In conclusion, Arceus is a streamlined and fluent experience, which is a breath of fresh air for me and could be appealing to many players.

Story.

The story is almost non-existent and I don’t even want to waste much time describing it. Basically you wake up in the presence of a mysterious force that orders you to catch’em all, then flings you to Hisui, in the past. No one really cares that you are a time traveler who literally fell from the sky through a rift. You don’t care much, the NPCs don’t care almost at all. I often find myself just pressing A without even reading the story because it is just symbolic anyway.

Who’s that Pokémon?

However there is one thing I find really charming in the story (mainly the side missions) which is how the people of Hisui relate to Pokémon. You see, the residents of Jubilife village are sort of like frontier men, who just arrived in a strange new land, where they meet Pokémon for the first time.

And it is very interesting to see how puzzled they are by these cute, or sometimes fearsome creatures. They are curious but too afraid to investigate them, so they hire you to do research for them. And I like these small stories because they are just every day things.

For example the village’s tailor wants new inspiration for her clothes, so she asks you to bring her 2 different gendered Pokémon of a certain species so she can use the visuals of their patterns in her next collection.

Farmers ask you to bring them a ground and water type Pokémon, which can help them to grow crops faster.

Or sometimes they are just baffled by Pokémon and they ask your help to investigate. Such is the lady who mistakes a Chimchar for a will-o-wisp in the night because of its tail.

In the context of the Poké-verse, it is a credible and sometimes wholesome story where humans try to live together with nature and appreciate it.

Controls.

I’d like to say a few words about the controls of the game as well, as they are pretty well made in my opinion. You have quite a lot of things to manage in the game. Different mounts, ball types, lures, and Pokémon. Yet the controls are intuitive and logical. I still find myself sometimes wasting Pokéballs by throwing them at trees instead of a Pokémon so it can harvest it, but overall I got used to it pretty fast.

What I miss from the game is the ability to jump. Especially because jumping is in the game, but you can only do so by obtaining a mount. Since the game has a lot of verticality, I think the lack of climbing and jumping is a miss.

Exploration.

I might finish this post on a negative note, but I really want to talk about this separately. I was stoked when I saw the first Arceus images, footage. I was super excited for the exploration aspect of the game. Yet I am disappointed.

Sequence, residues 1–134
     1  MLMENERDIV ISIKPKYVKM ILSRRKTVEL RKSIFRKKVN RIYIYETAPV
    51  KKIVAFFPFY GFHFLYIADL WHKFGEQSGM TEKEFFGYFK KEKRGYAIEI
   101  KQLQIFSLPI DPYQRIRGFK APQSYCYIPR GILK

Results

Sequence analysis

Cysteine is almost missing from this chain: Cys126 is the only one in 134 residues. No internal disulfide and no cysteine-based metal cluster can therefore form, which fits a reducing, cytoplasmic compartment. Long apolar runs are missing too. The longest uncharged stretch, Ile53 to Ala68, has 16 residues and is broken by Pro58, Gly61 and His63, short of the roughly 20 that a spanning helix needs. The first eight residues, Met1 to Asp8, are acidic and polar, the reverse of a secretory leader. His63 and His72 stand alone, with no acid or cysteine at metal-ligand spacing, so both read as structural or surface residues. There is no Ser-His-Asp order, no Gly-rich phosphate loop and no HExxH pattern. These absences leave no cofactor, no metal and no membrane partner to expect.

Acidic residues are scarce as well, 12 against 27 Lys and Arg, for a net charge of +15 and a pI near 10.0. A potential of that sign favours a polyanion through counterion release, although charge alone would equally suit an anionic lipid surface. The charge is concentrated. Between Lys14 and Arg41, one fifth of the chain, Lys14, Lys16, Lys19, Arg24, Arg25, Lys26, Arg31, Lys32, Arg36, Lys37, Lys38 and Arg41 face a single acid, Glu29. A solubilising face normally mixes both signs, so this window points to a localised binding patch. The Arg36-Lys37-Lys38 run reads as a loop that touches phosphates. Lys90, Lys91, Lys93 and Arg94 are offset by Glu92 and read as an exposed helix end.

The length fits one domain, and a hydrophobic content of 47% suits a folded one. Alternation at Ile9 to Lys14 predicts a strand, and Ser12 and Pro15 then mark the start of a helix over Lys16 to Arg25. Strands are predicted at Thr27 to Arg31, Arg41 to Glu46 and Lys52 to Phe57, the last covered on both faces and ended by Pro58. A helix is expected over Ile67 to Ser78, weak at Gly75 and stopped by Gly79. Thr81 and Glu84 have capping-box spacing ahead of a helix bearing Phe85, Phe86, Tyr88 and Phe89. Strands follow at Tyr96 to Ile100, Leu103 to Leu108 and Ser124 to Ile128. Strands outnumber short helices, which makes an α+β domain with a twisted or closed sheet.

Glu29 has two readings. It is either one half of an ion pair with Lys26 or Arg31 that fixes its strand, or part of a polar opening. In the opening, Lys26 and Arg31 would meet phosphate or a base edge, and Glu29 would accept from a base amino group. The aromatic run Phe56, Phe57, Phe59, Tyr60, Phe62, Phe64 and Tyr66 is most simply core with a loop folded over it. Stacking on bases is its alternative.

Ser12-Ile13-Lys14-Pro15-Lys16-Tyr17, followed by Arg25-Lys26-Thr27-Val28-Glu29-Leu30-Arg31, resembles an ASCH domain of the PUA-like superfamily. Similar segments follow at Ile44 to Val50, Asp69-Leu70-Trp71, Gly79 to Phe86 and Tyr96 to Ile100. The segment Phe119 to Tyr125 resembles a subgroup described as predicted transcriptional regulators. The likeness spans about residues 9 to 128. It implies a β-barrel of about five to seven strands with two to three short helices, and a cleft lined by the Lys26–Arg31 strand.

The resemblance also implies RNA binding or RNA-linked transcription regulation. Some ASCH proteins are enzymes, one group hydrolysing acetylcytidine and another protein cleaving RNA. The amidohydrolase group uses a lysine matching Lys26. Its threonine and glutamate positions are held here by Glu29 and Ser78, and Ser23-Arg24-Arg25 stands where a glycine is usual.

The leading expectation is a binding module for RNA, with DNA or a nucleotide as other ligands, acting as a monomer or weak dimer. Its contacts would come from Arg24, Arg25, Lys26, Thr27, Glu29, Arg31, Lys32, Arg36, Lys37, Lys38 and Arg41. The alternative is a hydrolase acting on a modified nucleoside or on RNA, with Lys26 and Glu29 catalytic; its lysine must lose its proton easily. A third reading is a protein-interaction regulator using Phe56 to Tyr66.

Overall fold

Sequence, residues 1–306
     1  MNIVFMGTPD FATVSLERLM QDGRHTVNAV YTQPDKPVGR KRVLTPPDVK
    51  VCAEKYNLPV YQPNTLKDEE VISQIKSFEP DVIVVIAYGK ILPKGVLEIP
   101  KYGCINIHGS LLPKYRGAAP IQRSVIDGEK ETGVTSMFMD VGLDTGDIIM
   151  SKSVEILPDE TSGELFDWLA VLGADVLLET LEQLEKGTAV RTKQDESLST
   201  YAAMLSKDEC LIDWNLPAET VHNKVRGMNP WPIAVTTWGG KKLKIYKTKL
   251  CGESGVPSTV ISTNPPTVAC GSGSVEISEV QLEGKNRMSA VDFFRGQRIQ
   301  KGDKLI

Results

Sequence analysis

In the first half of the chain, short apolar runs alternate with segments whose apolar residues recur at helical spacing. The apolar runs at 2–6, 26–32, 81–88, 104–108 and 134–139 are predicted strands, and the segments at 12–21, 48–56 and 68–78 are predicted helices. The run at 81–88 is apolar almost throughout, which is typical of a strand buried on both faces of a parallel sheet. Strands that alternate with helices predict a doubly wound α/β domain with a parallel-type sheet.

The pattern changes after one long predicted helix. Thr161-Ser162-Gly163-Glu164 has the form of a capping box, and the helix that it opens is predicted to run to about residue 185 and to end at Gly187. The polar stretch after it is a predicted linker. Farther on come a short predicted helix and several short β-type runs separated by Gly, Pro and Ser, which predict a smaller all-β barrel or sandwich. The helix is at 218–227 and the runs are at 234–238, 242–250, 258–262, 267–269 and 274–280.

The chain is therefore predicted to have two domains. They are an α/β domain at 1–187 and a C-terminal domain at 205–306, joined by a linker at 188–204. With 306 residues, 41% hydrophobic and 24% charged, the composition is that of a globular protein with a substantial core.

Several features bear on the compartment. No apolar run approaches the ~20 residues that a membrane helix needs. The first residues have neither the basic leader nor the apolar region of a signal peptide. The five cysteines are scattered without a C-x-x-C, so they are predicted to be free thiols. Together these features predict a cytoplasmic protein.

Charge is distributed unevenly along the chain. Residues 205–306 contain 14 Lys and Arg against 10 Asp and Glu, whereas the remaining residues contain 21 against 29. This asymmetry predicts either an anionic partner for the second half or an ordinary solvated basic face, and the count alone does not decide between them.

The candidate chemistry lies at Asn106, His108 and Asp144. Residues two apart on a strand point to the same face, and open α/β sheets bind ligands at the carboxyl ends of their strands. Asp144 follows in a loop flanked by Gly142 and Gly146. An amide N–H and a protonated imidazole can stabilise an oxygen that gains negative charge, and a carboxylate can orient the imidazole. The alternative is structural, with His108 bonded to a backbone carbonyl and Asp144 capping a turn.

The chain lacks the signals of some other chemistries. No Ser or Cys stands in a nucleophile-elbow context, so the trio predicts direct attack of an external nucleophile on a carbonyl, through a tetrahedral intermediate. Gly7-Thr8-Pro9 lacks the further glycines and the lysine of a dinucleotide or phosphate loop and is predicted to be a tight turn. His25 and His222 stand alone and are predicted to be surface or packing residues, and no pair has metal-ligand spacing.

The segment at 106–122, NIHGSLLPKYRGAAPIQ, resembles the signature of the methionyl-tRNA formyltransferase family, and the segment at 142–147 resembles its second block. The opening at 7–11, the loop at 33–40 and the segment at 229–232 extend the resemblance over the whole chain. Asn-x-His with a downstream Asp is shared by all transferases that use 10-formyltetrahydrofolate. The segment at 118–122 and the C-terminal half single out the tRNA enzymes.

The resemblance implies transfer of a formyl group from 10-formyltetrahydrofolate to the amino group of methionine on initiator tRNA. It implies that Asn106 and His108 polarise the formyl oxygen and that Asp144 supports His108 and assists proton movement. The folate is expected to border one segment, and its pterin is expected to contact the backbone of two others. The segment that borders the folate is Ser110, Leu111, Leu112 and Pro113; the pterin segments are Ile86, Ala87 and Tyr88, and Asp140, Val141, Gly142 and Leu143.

I will call for Breath of the Wild and Genshin Impact again for comparison, because I feel that Arceus wanted to follow those games in their path to some extent. However, just like with the graphics or soundtrack, they did it half-assed.

Genshin Impact is by no means in the list of my favourite games. Zelda is, but what both games do so much better than Arceus is making you want to explore. Actually I put Fenyx Rising on this list as well.

What I love about these 3 games, is that you always see something in the distance. Something that you want to explore right now, giving the game that “just one more” quality. Just one more ruin, just one more cave, just one more chest. You get the idea. Not to mention that they often have fun little puzzles to solve in order to loot the place.

RIP Budew.

In Arceus, now that I have unlocked the water mount, most of the map is pretty accessible. You cannot swim in the game, so some places can only be reached with this mount. Later I will unlock the aerial mount as well, and I assume some things will be only accessible then.

But I pretty much discovered all the map, however there is nothing interesting on the horizon. No ruins, no lights of a mysterious settlement, no memorable landscapes almost at all. Only Pokémon spread everywhere in predefined spots. You don’t go anywhere to explore, you go to those places to catch more Pokémon.

In the other 3 games you can scale every mountain, every building and find hidden little secrets everywhere.

I really, really wish Game Freak would have put more content in this vast area. Because the size is right, but unfortunately you will do nothing else in this big open space, but grind Pokédex entries.

Conclusion.

So there you have it, this is my comprehensive review of Pokémon Legends: Arceus. Again, I did not finish the game yet, but after 30 something hours I think I got the gist of it. Of course if surprisingly there will be something jaw dropping in the game, I will apologize, but for now, I am quite confident to say, that this game is a fun, enjoyable missed opportunity.

With such a huge fanbase and probably a considerate budget, I think they could have done far far more.

If I’d have to guess why they settled for this mediocre game, I would have 2 options.

1: Due to the pandemic it was hard to properly flesh out the game.

2: They knew very well, that no matter what they release, the huge and loyal fan base will buy the game anyway.

I hope it is the first option but I fear it is the latter. But either way, I just hope this is a formula that Nintendo will continue to use, but they listen to player feedback and improve the game either through DLCs or a new instalment.

What about you? Have you played the game? Have it met your expectations? Let me know in a comment, and if you liked this post please follow me for more. I am a new blogger and I try to post several times a week.